The British Financial Times posted an article Thursday explaining the effect of President Mohammad Mursi’s ouster on the country’s foreign policy, considering that Mursi’s offset of Egypt’s presidency a blow to Qatar.
The British Financial Times posted an article Thursday explaining the effect of President Mohammad Mursi's ouster on the country's foreign policy, considering that Mursi's offset of Egypt's presidency a blow to Qatar, which bet on the Muslim Brotherhood all over the last year.
"Few predicted that challenge would come within a week as Egyptian President Mohamed Morsi’s Muslim Brotherhood-led government fell, and the credibility of Qatar’s activist foreign policy took a major blow," it said.
The daily also revealed that Qatar has poured $8bn of financial support into Egypt in post-Mubarak era, and has been the main Gulf backer of Mursi’s government.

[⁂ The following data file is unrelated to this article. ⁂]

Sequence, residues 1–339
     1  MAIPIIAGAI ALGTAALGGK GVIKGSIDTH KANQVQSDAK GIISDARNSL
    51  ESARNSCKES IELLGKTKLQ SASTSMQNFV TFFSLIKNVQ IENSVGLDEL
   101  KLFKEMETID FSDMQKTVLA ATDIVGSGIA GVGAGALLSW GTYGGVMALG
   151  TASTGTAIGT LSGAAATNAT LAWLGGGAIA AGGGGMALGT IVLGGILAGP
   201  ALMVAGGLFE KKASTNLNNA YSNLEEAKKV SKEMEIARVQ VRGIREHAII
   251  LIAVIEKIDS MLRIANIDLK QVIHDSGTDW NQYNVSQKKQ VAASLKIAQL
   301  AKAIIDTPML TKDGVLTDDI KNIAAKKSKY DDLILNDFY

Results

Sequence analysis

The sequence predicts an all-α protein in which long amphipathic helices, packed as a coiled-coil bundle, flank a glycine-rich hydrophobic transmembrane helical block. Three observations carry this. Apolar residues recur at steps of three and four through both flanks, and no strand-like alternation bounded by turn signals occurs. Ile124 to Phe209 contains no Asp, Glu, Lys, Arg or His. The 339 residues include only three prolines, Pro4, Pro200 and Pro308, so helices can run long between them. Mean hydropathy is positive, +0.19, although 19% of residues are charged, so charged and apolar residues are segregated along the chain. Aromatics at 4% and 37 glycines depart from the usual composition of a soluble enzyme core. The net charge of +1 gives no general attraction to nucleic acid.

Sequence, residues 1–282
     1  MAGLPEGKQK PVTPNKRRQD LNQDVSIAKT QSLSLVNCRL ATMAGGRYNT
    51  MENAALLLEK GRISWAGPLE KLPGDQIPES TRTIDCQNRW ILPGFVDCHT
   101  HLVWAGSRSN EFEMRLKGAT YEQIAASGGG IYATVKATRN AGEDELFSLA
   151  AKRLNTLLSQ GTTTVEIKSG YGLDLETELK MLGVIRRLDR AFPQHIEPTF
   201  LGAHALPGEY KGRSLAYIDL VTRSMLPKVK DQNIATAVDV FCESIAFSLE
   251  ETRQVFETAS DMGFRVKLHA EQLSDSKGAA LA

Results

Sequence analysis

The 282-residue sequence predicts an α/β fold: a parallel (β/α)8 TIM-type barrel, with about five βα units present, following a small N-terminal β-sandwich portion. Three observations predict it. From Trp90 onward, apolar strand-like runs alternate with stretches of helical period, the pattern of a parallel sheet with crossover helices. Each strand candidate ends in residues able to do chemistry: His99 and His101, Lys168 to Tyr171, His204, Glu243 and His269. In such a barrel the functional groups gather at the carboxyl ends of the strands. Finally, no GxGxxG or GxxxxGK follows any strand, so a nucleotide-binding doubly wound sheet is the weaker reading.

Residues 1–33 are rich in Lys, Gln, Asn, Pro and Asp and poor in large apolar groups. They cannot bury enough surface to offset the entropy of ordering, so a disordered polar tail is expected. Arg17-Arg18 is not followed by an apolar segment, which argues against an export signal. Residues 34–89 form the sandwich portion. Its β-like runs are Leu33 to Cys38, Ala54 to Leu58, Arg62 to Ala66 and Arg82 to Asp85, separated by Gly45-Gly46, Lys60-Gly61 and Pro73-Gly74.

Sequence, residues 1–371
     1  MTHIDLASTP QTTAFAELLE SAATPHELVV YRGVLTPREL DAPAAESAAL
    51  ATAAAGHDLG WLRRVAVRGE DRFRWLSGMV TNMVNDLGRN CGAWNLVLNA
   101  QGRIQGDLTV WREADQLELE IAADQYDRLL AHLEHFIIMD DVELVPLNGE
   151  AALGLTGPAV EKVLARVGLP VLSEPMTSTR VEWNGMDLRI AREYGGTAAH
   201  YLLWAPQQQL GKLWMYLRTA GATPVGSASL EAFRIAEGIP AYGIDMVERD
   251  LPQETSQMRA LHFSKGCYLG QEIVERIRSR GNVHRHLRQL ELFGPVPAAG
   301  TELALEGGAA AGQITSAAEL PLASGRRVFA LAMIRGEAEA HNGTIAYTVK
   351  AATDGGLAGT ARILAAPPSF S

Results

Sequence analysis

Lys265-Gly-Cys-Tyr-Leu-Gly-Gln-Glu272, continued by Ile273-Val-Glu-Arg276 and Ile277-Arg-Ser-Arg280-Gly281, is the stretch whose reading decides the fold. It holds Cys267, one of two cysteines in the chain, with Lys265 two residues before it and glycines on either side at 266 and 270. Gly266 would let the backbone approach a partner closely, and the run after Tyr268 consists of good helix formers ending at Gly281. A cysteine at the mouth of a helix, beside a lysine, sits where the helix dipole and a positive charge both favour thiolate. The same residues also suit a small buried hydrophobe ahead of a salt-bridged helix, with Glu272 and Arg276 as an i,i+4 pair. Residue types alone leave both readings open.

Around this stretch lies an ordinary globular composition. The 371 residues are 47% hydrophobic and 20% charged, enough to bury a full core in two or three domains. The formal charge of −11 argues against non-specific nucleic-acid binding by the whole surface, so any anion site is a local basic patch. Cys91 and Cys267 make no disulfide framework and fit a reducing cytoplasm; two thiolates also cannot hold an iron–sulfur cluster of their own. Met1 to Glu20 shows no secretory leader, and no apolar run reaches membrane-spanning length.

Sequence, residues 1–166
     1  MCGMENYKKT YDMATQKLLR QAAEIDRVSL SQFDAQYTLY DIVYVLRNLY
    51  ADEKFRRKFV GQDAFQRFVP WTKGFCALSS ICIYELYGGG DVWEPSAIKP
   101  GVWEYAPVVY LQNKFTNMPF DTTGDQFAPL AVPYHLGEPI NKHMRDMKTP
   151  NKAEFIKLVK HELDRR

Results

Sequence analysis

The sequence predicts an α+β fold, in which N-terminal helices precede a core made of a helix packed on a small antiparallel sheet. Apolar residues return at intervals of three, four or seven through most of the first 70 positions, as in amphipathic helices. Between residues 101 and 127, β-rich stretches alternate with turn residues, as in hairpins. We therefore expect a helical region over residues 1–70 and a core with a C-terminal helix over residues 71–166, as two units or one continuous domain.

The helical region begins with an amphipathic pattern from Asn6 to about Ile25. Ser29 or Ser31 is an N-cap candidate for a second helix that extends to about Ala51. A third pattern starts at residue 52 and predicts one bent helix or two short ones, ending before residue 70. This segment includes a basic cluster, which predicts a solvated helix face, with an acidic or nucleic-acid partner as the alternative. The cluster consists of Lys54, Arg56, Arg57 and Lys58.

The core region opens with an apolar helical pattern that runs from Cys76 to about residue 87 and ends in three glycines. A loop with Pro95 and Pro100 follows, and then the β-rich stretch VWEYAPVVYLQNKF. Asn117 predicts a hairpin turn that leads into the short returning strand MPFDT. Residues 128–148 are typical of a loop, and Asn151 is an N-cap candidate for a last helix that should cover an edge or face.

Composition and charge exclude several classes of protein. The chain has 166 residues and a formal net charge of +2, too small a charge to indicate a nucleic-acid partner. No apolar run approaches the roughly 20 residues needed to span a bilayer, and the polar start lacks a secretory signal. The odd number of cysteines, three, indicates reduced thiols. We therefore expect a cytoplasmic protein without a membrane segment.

"Qatar's support for post-Mubarak Egypt has run to the heart of Doha’s backing of Islamist groups since the revolutions of the Arab uprising swept across north Africa," the FT article read.
"Its legacy will be associated with that of the leader whose presidency was doomed on Wednesday," it added.
The author stated in his article that the new emir of Qatar hinted at his tendency toward moderation in foreign policy, but analysts believe that any change in Qatar's foreign policy must be gradual.
"While Sheikh Tamim, the new emir, is hinting at a moderation of Qatar’s adventurist foreign policy, analysts say any change will be gradual as Doha’s position is so deeply set."
Unlike Qatar, the article said, the other Arab states in the Gulf such as the United Arab Emirates and Saudi Arabia, are uncomfortable with the rise of the Muslim Brotherhood in Egypt, and are now ready to pump funds to help any interim administration keep the Egyptian economy afloat.
Citing an economist, the auther noted that Qatar got it wrong in Libya, then in Syria, and now billions of dollars could go down the pan in Egypt.
“That money was meant to buy political advantage, but they backed the wrong horse,” the expert said.